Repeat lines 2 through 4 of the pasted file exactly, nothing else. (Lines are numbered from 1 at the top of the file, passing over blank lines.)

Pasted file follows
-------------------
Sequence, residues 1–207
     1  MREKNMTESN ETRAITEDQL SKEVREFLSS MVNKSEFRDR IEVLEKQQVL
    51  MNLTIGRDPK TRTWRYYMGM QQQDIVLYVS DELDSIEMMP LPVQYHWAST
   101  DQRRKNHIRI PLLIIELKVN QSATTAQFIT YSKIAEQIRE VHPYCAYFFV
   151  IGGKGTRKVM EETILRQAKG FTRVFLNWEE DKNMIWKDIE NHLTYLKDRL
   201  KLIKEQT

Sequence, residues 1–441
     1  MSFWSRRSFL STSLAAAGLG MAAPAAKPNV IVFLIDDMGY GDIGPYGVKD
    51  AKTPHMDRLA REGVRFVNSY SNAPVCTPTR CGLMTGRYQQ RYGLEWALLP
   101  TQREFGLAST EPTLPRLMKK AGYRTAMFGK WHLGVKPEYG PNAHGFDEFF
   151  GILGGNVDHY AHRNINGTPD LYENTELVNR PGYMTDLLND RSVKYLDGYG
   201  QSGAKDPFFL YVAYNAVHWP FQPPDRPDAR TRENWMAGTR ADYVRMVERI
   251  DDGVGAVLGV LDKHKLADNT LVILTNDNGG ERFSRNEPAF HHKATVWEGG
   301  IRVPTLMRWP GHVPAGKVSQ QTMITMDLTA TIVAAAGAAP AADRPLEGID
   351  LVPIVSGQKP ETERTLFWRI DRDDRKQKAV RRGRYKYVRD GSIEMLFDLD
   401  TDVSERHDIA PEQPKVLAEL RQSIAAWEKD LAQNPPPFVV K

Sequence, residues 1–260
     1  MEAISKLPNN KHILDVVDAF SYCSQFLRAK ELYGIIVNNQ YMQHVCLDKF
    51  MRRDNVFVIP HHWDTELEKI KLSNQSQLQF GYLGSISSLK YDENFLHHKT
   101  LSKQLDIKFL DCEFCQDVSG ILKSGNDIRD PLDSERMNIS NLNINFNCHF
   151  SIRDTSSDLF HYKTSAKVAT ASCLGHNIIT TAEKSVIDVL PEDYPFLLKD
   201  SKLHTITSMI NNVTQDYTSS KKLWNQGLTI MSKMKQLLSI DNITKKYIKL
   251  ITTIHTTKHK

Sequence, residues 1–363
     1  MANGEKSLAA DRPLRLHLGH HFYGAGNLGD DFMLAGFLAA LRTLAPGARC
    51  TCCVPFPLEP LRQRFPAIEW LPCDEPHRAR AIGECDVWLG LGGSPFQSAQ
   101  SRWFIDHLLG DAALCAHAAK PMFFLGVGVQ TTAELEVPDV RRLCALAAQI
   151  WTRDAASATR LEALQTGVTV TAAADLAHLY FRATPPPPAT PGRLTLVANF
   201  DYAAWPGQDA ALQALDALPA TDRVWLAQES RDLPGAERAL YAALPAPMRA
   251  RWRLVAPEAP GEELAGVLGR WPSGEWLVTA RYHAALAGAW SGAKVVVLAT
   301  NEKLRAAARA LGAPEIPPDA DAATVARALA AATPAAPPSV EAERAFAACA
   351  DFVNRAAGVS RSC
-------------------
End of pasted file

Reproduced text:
     1  MREKNMTESN ETRAITEDQL SKEVREFLSS MVNKSEFRDR IEVLEKQQVL
    51  MNLTIGRDPK TRTWRYYMGM QQQDIVLYVS DELDSIEMMP LPVQYHWAST
   101  DQRRKNHIRI PLLIIELKVN QSATTAQFIT YSKIAEQIRE VHPYCAYFFV